And? Let her go to work. If, later on, she decides she needs a degree, she can take one. Far too many young people head unthinkingly from school to university and pass three pointless years studying something they don't particularly like, stacking up scary overdrafts. It may be the accepted middle-class way of becoming an adult, but it isn't the only one.
Researchers from Swansea University say the rate of return on degrees is falling, and today's graduates can't expect to earn much more than £140,000 (on average) more in a lifetime than people who have only A-levels. The picture is worst for arts graduates.
If your daughter decides to go into, say, human resources or accounting, she can train on the job and acquire qualifications as she earns. She'll have no student debt, a lot of experience and a firm foundation of skills. So why should she - and you - worry?
My stepson took a degree in geography at Leeds University. He spent 18 months looking for a job, living at home and doing temping work. He eventually took a local government job. He's not working in the area he hoped to, his salary is poor, and he has little prospect of getting on the housing ladder. He often wonders what his degree was for.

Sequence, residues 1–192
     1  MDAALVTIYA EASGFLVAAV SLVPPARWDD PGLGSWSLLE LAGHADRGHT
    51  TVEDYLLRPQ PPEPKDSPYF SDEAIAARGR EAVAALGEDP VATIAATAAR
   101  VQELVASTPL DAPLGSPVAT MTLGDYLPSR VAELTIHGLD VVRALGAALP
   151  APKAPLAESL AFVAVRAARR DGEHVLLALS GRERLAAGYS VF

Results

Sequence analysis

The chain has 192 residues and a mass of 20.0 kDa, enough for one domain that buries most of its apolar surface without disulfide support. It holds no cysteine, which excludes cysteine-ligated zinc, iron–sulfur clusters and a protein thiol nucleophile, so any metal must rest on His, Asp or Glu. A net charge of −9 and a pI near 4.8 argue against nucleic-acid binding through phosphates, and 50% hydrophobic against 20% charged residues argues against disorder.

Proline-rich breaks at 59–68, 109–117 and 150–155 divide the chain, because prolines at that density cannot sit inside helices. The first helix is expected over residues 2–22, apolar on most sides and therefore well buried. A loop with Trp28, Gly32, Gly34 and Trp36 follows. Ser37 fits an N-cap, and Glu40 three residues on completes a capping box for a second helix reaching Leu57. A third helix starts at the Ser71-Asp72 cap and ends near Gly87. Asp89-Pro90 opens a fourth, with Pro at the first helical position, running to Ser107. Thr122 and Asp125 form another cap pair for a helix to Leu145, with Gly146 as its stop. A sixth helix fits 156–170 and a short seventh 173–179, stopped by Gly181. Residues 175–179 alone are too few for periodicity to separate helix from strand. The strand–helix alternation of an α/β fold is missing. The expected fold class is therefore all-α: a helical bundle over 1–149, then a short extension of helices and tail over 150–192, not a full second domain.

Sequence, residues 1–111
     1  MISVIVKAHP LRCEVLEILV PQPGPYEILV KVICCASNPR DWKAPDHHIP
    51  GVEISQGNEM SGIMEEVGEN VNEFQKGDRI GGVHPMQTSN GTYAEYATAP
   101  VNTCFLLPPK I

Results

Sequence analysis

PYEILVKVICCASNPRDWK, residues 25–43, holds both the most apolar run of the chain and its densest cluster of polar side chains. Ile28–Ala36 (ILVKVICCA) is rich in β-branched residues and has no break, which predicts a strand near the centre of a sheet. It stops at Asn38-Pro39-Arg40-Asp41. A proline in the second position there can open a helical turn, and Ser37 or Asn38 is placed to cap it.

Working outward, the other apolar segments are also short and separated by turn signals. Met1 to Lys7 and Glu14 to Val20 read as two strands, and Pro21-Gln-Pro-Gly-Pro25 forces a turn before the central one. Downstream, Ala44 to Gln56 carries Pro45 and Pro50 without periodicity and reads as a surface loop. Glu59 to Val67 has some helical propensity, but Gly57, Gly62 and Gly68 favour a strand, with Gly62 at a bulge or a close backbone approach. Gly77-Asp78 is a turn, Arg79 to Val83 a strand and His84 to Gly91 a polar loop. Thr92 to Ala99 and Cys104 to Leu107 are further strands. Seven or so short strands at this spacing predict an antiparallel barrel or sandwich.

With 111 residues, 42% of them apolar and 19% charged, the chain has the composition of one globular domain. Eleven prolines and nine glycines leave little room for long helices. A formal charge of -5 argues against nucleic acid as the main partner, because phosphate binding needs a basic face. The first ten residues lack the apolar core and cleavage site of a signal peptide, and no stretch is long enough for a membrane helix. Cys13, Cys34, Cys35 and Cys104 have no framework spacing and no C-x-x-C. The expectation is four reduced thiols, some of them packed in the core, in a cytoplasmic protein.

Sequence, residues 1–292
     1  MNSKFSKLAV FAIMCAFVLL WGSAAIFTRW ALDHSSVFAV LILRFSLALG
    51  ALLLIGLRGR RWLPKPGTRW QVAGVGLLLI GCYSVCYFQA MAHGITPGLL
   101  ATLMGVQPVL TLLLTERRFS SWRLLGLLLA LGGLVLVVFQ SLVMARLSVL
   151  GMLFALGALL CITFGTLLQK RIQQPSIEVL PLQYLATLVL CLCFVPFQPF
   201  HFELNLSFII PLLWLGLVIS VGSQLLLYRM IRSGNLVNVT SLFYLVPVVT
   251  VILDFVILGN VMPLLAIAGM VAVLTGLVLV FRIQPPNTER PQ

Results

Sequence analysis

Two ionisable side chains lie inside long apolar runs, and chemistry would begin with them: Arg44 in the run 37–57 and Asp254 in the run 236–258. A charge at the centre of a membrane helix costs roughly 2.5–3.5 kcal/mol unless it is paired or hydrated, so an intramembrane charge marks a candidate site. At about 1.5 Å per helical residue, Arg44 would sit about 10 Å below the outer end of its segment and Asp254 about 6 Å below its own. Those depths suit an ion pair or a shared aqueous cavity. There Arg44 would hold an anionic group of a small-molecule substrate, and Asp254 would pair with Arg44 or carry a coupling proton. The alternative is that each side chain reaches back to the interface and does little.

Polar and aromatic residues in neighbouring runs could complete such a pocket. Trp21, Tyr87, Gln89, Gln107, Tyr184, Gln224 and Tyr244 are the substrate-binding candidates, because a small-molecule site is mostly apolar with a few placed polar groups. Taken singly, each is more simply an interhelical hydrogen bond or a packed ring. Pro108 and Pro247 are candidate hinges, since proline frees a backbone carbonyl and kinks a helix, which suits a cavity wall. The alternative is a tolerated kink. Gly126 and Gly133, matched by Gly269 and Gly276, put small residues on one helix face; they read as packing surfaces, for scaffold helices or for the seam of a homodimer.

Sylvie Parsons, Basingstoke
I didn't want to go to university, but thought I ought to. The first day, I knew it wasn't right. I didn't like studying (I wanted to do something practical) or campus life. I left after a term and worked in a shop while I decided what to do. I'm now training as a psychiatric nurse, and it's right for me. Let your daughter make her own mind up.
Juliette Worley, Nottinghamshire
Call me weird, but I think teaching British values could be a good thing. My tutor group has children in it from 11 countries, some only recently arrived. I'm taken aback by how much they don't understand about how they should behave here. But what are the most important things I could teach them?
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